Anyone who has been involved in alternative geopolitical and economic analysis for a decent length of time understands that the establishment power structure thrives according to its ability to either exploit natural crises, or to engineer fabricated crises.

This is not that hard to comprehend, but for some reason there are a lot of people out there who simply assume that global sea-change events just happen “at random,” that the elites are stupid or oblivious, and that all outcomes are a matter of random chance rather than being directed or manipulated.  I call these people “intellectual idiots,” because they believe they are applying logic to every scenario but they are sabotaged by an inherent bias which causes them to deny the potential for “conspiracy.”

To clarify, their logic folds in on itself and becomes faulty.  They believe themselves objective, but they abandon objectivity when they staunchly refuse to consider the possibility of covert influence by organized special interests. When you internally dismiss the possibility of a thing, no amount of evidence will ever convince you of its reality.  This is how the “smartest” people in the room can end up being the dumbest people in the room.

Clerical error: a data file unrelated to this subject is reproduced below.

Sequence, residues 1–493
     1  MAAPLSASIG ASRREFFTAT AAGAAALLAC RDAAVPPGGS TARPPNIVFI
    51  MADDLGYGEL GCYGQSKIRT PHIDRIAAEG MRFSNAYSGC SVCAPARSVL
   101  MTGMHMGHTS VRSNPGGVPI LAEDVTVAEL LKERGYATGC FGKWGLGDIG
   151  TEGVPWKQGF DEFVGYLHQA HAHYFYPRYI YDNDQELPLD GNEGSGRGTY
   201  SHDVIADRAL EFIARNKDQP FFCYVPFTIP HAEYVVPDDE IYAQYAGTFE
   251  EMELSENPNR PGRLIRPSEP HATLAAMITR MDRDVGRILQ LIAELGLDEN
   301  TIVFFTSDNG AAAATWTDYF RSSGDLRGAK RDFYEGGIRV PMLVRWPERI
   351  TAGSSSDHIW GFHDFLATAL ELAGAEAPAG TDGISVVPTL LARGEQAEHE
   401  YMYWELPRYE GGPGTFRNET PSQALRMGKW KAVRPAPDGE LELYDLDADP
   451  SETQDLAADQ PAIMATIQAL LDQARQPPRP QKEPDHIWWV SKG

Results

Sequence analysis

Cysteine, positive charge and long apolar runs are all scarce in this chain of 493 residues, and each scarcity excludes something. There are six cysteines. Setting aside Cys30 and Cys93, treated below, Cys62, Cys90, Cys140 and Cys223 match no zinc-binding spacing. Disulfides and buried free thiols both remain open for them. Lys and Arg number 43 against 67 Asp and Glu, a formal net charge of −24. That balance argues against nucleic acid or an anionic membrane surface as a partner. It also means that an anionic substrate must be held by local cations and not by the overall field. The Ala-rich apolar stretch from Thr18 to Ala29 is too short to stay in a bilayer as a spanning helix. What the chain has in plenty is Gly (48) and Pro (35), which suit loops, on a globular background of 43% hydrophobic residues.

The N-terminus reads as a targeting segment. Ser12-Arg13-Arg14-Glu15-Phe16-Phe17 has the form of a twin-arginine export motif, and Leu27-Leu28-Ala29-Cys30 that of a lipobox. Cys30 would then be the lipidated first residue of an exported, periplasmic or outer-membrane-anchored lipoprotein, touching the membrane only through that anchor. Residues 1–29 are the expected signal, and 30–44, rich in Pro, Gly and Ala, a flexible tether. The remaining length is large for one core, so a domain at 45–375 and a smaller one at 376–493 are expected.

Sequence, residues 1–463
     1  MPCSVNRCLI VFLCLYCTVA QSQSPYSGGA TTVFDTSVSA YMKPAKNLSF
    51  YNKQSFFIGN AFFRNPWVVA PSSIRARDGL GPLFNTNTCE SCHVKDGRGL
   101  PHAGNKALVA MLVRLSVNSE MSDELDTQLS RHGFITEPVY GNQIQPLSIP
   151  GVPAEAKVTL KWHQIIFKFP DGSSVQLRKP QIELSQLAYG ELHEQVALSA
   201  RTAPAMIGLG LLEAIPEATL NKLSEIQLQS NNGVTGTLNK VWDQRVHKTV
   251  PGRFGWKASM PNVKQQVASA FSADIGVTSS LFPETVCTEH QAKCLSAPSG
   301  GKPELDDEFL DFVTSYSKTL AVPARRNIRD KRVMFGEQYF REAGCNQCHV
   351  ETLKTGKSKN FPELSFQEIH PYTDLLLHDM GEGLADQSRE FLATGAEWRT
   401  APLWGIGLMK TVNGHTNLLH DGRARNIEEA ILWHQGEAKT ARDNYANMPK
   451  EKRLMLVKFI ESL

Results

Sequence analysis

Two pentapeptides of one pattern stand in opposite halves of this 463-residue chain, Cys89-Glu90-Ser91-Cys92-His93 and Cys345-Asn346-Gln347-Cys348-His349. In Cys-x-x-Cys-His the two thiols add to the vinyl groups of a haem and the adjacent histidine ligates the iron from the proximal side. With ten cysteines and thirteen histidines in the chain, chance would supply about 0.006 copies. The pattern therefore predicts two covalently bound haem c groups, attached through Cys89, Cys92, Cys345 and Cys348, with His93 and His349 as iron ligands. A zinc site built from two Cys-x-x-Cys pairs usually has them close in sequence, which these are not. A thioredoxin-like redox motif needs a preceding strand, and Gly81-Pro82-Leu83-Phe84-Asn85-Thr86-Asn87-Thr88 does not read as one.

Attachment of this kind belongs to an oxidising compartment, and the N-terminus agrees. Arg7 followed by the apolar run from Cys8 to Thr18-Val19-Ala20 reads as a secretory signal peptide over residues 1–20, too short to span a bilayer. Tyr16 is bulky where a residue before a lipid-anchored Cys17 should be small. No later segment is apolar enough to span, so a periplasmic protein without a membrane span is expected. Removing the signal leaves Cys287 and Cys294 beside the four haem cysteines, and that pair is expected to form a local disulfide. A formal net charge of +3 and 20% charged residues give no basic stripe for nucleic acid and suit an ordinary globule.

In the survivalist community there is a philosophy – there is no such thing as a crisis for those who are prepared. This is true for prepared individuals as much as it is true for prepared communities and prepared nations. The only way a society can fall is when it becomes willfully ignorant of potential outcomes and refuses to organize against them.

By extension, it would make sense that by being prepared for a particular crisis or outcome an individual or group could not only survive, but also profit.

…click on the above link to read the rest of the article…

Why This Market Needs To Crash

bofotolux/Shutterstock

Why This Market Needs To Crash

And likely will 

Like an old vinyl record with a well-worn groove, the needle skipping merrily back to the same track over and over again, we repeat: Today’s markets are dangerously overpriced.